PPC Compiler for the 'A' Language

Lexical Analyzer

The lexical analyzer processes the code (syntax) into its tokens shown below:

  • Keywords: const, case, catch, continue, do, else, elsif, end, then, extends, for, if, private, protected, return, struct, switch, try, while, package, function, procedure, exit, when, type, is, begin, “..”, integer, boolean, float
  • Symbols: . , : ; ( ) [ ] { }
  • Operations: + - * / = != < <= > >= ! & && | || := += **
  • Strings were parsed by looking for character sequences surrounded in quotes. The entire length was stored in a single string token.
  • Integers were identified and stored in the numeric form as integer tokens
  • Comments were recognized by character sequences surrounded in /* and */.
  • Function names, function calls, variable declarations, and variable uses were stored as identifier tokens.

Given a file with...

function add (x : integer; y : integer) return integer is
return x + y;

...the lexical output would be:

function <KEYWORD> add <ID> ( <SYMBOL> x <ID> : <SYMBOL> integer <ID> ; <SYMBOL> y <ID> : <SYMBOL> integer <ID> ) <SYMBOL> return <KEYWORD> integer <ID> is <KEYWORD> begin <KEYWORD> return <KEYWORD> x <ID> + <OPERATION> y <ID> ; <SYMBOL> end <KEYWORD> ; <SYMBOL>

Parser and Compiler

Given a program converted into lexical tokens, the parser and compiler produces executable PPC assembly. There are several stages, which are briefly outlined below:

Building an Abstract Syntax Tree (AST)

The compiler uses a recursive decent technique to parse the program. The grammar for the language is defined by a series of productions, some of which are shown below. The full grammar can be seen here.

assignment_statement ::= name := expression ";"

if_statement ::= IF condition THEN sequence_of_statements
[ELSE sequence_of_statements]

function_declaration ::= FUNCTION defining_identifier
( parameter_list ) RETURN type_name IS
BEGIN sequence_of_statements END ";"

parameter_list ::= parameter_specification {; parameter_specification}

relational_operator ::= = | /= | < | > | <= | >=

relation ::= simple_expression [relational_operator simple_expression]

simple_expression ::= term {binary_adding_operator term}

Using the grammar’s rules, a tree representing the structure of the program is constructed. Below is the AST output for the add function:

0> program
1> function_declaration: add
2> defining_identifier: add
2> parameter_list
3> parameter_specification: x
4> defining_identifier: x
4> type_name: integer
3> parameter_specification: y
4> defining_identifier: y
4> type_name: integer
2> type_name: integer
2> declarations
2> sequence_of_statements
3> statement
4> simple_statement
5> return_statement of type integer
6> expression of type integer
7> relation of type integer
8> simple_expression: + of type integer
9> term of type integer
10> factor of type integer
11> primary: id of type integer
12> name: x of type integer
9> simple_expression of type integer
10> term of type integer
11> factor of type integer
12> primary: id of type integer
13> name: y of type integer

Names Table

A names table has to be built to keep track of the variables and functions defined in the program. It also has to keep track of nested scopes, so that if many variables exist with the same name, the variable with the closest scope (least depth) is used (aka, static scoping). If the variable exists in a scope that is not accessible by the current scope, it halts compilation and reports the error (basically, private variables are kept private). Another complexity is that the language allows for the creation of new types, for instance:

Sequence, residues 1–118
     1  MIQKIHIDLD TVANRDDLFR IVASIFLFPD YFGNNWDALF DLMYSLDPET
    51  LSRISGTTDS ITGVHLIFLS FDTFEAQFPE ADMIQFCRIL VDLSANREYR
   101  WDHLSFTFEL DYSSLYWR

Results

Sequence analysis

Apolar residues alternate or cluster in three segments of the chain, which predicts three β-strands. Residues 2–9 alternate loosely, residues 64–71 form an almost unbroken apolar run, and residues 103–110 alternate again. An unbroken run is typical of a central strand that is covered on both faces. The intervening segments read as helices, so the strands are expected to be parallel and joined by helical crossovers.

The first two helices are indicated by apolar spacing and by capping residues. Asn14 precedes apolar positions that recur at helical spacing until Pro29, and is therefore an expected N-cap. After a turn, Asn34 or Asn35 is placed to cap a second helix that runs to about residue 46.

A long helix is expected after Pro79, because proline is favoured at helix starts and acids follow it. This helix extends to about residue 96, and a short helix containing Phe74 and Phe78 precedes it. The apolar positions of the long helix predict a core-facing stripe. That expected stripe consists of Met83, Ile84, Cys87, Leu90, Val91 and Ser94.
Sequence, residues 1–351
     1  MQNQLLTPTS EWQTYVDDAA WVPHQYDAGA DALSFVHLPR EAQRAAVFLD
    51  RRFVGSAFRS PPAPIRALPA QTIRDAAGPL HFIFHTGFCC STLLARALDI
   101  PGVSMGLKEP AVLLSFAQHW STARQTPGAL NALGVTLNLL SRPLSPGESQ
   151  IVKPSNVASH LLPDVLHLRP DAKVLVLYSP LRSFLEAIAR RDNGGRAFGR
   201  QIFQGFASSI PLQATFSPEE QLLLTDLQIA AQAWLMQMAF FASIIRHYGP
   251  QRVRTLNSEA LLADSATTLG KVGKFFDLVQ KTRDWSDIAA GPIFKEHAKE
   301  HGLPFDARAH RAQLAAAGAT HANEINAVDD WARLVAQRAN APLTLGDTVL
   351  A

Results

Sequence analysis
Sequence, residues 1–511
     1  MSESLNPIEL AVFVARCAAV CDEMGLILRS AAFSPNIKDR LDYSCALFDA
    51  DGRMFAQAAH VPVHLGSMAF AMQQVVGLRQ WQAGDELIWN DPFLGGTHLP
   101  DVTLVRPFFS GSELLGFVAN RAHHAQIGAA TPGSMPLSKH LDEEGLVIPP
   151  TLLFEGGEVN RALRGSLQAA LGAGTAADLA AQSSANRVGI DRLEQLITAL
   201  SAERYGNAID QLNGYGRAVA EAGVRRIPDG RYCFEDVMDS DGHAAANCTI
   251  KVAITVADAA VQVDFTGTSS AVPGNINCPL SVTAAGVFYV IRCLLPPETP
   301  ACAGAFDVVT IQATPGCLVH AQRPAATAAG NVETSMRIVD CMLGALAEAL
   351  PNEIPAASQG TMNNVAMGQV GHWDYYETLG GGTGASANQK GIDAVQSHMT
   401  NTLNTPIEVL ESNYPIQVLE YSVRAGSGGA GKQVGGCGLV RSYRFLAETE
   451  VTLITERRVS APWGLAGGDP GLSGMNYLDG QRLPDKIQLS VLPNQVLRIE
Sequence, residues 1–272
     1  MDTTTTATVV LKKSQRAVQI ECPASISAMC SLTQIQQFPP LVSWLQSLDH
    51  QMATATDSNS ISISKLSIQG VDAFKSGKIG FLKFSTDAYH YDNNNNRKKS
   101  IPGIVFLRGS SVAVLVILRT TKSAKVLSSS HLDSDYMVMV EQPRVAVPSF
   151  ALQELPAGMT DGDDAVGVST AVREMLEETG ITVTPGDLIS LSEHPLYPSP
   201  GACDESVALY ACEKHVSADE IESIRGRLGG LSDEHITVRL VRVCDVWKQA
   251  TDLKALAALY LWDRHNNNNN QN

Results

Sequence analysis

type OneDList is array of integer;
type TwoDList is array of OneDList;
type ThreeDList is array of TwoDList;

The names table resolves these user-defined types to the language’s primitive types (integer, float, boolean):

OneDList of kind integer[ ]
TwoDList of kind integer[ ][ ]
ThreeDList of kind integer[ ][ ][ ]

The names table for the add function appears below:

- Function “add”
- Parameter #0: 'x' of kind 'parameter_specification' returns integer
- Parameter #1: 'y' of kind 'parameter_specification' returns integer

Type Checking

It is also important to check that the types of variables and literal values are of the correct type. For instance, you can’t add a float and a boolean (illegal: “4.2 + false”), or have an if statement that evaluates a condition that does not produce a boolean value. (illegal: “if 5+2 then”, must be “if 5+2=7 then”).

Expressions can be quite complex, including nesting of other expressions using parenthesis, function calls, and variables.

( 4 + ( 2 * 6 ) - add(1, 5) )

One must traverse down the tree to the bottom most elements, and propagate upwards. For example:

( 2 * 6 ) = ( integer * integer ) = integer

This is valid, and produces an integer result, so then we can assume that whole expression is just an integer. Now we have:

( 4 + ( 2 * 6 ) - add(1, 5) ) = ( integer + integer – add(1, 5) )

The return type of the add function can be determined with a simple query to the names table. In this case, it returns an integer value, and so we can resolve the type of the whole expression:

( integer + integer – integer ) = integer

Numeric values can be used in conditional statements, switching the type to boolean.

( 4 + ( 2 * 6 ) - add(1, 5) ) > 6
integer > integer = boolean

There are many rules on how types can be used together. For instance, “and” and “or” statements can only be used with booleans.

Determining Local Variable Stack Offsets

Local variables are allocated space on the stack frame of the current function. On the PPC architecture, all primitive types are 4 bytes in size. This simplifies calculation of offsets. The names table keeps track of all local variables, and knows the total count and order of the variables for any given function. Using this information, the local variables are given static stack offsets. This is used during code generation.